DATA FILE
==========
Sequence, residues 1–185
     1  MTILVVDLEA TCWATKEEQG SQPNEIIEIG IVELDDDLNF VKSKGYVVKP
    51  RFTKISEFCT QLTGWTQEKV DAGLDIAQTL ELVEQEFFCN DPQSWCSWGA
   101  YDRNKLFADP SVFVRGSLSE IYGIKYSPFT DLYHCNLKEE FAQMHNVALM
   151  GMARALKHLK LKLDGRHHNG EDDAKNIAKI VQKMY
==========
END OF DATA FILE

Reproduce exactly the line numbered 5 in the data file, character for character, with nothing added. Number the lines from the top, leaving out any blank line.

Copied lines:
   151  GMARALKHLK LKLDGRHHNG EDDAKNIAKI VQKMY